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Posted on: Tuesday, 18 August 2009 by Rajiv Popat

The Lame Whiners Programming Universe

The Lame Whiner; who for the purposes of this post we shall refer to as Fred; is at my desk wondering if Multiplitaxion Inc, has signed up any new short term consultancy projects or will be signing up any new ones in the recent future.

I cringe.

Watching Fred at my desk means that he is going to spend a good half hour talking about why Multiplitaxion Inc, should sign up new short-term consultancy projects. Then he is going to cry like a baby.

He is going to cry like his career; his life and his universe depends on Multiplitaxion Inc, signing up new projects.

He equates new and more short-term-consulting projects to 'growth' and wants to work on something 'billable'.

Putting Fred on a research project doesn't make him happy.

The very words --- 'on the bench' makes him feel insure.

Working on an awesome product and giving long term commitment to it makes him feel nervous.

Long story short; he is not happy --- and he is out to spread the viral-dissatisfaction to anyone who has time to listen to him whining.

The lame whiner looks up to his organization, his client, his colleges and everyone else to make dents in his very own personal little programming universe.

He lacks participation; but seeks opportunity on a golden platter; nicely laid out  --- just for him.

The Problem With Whining About Your 'Circumstances'

Hidden deep down in the archives of Joel Spolsky is a discussion where Joel nails the essence of whining about every little 'excuse' for not making a dent in the universe. Joel talks about the problem with whining; finding lame excuses for your being a mediocre-replaceable-developer and then quitting. While answering one such question about quitting he explains:

Although the tech industry is not immune, programming jobs are not really being impacted. Yes, there are fewer openings, but there are still openings (see my job board for evidence). I still haven't met a great programmer who doesn't have a job. I still can't fill all the openings at my company.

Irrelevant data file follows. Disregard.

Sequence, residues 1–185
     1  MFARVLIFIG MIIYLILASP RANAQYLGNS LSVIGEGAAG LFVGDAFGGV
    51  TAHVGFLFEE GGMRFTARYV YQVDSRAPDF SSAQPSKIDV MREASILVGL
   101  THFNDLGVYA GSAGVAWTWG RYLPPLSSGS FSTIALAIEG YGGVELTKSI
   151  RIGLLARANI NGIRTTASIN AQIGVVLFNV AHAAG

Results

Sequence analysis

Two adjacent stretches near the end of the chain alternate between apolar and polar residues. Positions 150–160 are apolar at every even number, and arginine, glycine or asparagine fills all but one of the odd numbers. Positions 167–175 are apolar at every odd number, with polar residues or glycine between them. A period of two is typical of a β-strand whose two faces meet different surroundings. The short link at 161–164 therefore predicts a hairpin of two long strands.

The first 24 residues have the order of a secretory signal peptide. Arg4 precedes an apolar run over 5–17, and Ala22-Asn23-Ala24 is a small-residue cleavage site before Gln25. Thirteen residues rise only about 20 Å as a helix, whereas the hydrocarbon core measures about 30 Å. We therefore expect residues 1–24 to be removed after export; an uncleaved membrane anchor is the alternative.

Our pay is great. There's no other career except Wall Street that regularly pays kids $75,000 right out of school, and where so many people make six figures salaries for long careers with just a bachelors degree. There's no other career where you come to work every day and get to invent, design, and engineer the way the future will work.

Despite the occasional idiot bosses and workplaces that forbid you from putting up dilbert cartoons on your cubicle walls, there's no other industry where workers are treated so well. Jesus you're spoiled, people. Do you know how many people in America go to jobs where you need permission to go to the bathroom?

Stop the whining, already. Programming is a fantastic career. Most programmers would love to do it even if they didn't get paid. How many people get to do what they love and get paid for it? 2%? 5%?

If you read between the lines; it is not difficult to understand that what Joel is doing here is giving tough-love to his fellow programmers; and nudging them on the side of righteousness.

It is easy to whine about your organization; your manager; outsourcing; recession; or stupidity that surrounds our industry in general and blame one or more of these external factors for your inability to build anything interesting.

It is easy. It is convenient; and if you get your whining-act right; you can even get away with it.

However; there is just one little problem --- it is your first step at becoming what we officially call a --- whiner.

Time To Look At The Mirror

The next time you whine about not being on a billable project or not having enough work to do; get up and go for a walk to a rest-room or any place that has a mirror; once there; look at the mirror really hard.

Staring right at you will be the person responsible for your inability to build or get involved with something genuinely interesting.

If you are genuinely dependent on your organization for giving you quality work --- and are lost when it does not; you are just one of the flock of sheep waiting to be herd.

Have you seen whiners getting lost, confused, scared and not know what to work on when they are on the bench for just a couple of weeks?

Have you witnessed whiners seeking 'opportunities' out of their projects, organization or managers and when then citing that as an excuse for not building anything; when they do not get their dream jobs, dream projects and dream managers?

Have you ever arrived at office; morning after morning; only to see Fred whining at your desk; telling you long winded stories about how his organization is hindering his progress?

Have you ever wondered why Fred doesn't leave and go find a better organization?

How many unhappy whiners surround you; dear reader?

Discuss.

Note: This article is a part of a Work In Progress Book. To Read connected articles read the Builders At Work category of this blog.